(Reuters) – West Indies captain Jason Holder and wicketkeeper Shane Dowrich recorded the highest unbeaten seventh-innings partnership in test history as the hosts put England on the ropes in an extraordinary first test in Barbados on Friday.
England, set a massive target of 628 in their second innings, were 56 without loss at stumps on day three, a tidy start but still facing the daunting prospect of surviving two more days in Bridgetown.
After 18 wickets fell on Thursday, there were none on Friday in a remarkable turnaround of fortunes for both teams on a Kensington Oval pitch that did not seem to have changed much overnight.
Holder etched his name into the record books with an unbeaten double century before declaring his team’s second innings at 415 for six wickets after tea.
His 202 not out, achieved at the healthy clip not far short of a run a ball, was the third highest by a number eight in test history, behind only the Pakistan duo of Wasim Akram (257 not out) and Imtiaz Ahmed (209).
Holder and Dowrich, who made a more patient century with an innings of 116, put on an unbeaten seventh-wicket partnership of 295 at Kensington Oval in Bridgetown.
Their stand was the third highest for a seventh wicket in test history, and also surpassed the previous record for an unbeaten partnership, 259, set by VVS Laxman and Mahendra Singh Dhoni of India against South Africa in 2010.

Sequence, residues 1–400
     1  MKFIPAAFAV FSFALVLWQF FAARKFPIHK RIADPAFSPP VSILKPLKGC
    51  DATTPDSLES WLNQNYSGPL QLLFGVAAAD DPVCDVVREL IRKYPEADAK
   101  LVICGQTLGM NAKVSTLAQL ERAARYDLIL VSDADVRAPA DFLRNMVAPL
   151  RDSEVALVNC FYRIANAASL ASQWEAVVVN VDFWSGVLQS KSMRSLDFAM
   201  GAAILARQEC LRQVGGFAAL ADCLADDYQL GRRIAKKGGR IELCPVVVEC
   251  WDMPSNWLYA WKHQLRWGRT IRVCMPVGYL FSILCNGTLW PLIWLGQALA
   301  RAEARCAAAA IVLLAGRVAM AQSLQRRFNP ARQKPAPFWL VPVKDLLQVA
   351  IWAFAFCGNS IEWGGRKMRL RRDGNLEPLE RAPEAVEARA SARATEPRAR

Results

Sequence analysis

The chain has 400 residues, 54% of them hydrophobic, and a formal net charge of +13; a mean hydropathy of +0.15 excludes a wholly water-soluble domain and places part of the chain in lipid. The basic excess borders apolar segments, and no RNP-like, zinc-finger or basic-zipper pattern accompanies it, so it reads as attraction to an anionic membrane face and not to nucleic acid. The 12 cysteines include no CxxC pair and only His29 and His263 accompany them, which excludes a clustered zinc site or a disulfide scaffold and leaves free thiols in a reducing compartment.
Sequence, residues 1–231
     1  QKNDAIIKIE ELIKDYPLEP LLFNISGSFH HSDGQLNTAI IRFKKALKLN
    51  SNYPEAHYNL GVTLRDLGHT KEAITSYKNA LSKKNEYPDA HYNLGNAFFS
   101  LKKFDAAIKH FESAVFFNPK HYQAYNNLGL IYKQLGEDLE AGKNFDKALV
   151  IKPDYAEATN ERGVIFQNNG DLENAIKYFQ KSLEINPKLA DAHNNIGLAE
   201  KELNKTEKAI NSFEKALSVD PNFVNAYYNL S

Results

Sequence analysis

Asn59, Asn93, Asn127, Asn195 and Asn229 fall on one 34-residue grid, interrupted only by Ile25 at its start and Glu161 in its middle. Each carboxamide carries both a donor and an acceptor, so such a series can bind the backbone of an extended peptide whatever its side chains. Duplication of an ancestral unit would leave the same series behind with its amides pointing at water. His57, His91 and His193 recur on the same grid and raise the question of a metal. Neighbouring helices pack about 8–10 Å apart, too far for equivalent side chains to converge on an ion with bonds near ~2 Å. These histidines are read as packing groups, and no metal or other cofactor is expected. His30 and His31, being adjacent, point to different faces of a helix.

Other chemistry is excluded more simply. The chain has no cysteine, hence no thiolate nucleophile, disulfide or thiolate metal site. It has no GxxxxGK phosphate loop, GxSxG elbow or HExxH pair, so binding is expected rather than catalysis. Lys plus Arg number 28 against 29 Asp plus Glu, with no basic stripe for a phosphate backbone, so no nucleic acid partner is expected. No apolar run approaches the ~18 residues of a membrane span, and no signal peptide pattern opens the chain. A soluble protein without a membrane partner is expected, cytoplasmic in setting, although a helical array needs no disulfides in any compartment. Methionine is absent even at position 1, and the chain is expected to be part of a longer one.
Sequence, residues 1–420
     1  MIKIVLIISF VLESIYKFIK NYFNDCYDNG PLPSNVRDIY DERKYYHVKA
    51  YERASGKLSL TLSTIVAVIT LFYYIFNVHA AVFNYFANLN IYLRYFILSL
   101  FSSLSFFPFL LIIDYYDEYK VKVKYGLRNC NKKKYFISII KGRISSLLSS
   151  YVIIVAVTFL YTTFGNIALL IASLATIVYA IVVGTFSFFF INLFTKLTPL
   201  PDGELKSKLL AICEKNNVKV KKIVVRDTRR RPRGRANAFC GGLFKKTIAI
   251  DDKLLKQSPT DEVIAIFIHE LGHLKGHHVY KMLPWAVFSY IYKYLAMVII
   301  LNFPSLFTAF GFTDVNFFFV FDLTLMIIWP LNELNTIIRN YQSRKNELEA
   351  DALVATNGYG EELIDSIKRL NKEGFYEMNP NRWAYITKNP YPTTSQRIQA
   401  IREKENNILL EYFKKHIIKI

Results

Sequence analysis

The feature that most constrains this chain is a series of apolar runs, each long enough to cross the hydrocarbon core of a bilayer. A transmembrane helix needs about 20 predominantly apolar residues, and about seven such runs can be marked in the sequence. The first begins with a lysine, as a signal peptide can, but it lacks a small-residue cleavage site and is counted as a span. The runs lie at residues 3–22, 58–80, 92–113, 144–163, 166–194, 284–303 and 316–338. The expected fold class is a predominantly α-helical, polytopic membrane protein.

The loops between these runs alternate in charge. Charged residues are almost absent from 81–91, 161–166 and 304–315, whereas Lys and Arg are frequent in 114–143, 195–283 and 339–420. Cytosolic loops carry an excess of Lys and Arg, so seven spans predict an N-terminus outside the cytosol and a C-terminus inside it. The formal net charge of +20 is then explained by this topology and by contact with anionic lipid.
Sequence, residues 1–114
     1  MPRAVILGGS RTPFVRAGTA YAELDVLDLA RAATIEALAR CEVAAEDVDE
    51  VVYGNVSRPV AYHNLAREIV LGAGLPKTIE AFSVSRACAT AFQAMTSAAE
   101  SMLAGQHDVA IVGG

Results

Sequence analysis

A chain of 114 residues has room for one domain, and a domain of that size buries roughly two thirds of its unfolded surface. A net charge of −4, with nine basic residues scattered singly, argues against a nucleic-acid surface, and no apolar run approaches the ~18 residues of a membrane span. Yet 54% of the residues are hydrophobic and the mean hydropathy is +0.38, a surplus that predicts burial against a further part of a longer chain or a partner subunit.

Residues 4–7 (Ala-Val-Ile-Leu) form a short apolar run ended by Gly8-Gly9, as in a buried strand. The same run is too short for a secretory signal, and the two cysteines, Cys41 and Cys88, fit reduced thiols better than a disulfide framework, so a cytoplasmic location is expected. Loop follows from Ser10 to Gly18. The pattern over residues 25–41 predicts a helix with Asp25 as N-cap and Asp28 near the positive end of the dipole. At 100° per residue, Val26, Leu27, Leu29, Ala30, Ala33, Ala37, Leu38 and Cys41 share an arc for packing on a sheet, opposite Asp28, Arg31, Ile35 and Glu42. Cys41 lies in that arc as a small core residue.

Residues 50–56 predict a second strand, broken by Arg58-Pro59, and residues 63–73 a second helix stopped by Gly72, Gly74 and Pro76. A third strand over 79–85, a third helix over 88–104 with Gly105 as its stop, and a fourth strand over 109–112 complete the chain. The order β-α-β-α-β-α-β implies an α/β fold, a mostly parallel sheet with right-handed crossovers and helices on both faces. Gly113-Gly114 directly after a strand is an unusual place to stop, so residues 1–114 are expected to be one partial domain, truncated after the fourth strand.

Holder prolonged England’s agony in the field by delaying his declaration beyond what was necessary, perhaps in an effort to completely demoralise the visitors.
But England openers Rory Burns (39) and Keaton Jennings (11) survived 20 overs without many problems until stumps, though Burns must have had his heart in his mouth when he survived a vociferous lbw appeal by Alzarri Joseph in the third-last over.
Holder decided not to review it, a good decision as a replay showed the ball had pitched outside leg stump.
England’s untroubled start to the second innings was in stark contrast to their 77 all out in their first innings, the lowest ever test total by any team at Kensington Oval.
Yet the tourists still had an outside shot at victory when they reduced West Indies to 61 for five late on the second day.
But that was before Dowrich and Shimron Hetmyer (31) put together a half-century partnership, before Holder and Dowrich took the match completely out of England’s reach.
England pace bowler James Anderson collected five wickets in the first innings, but toiled without success in the second (0-58), while off-spinner Moeen Ali had the best figures, 3-78.
He instigated the Thursday collapse, but could not add to his haul on Friday.
England captain Joe Root showed little faith in leg-spinner Adil Rashid, who came in for severe punishment, particularly by Holder.
He had 0-61 off nine overs, while Root was more economical with 0-37 off 10 overs.
West Indies and England are playing a three-test series in the Caribbean.
(Reporting by Andrew Both in Cary, North Carolina; Editing by Toby Davis/Christian Radnedge/Ken Ferris)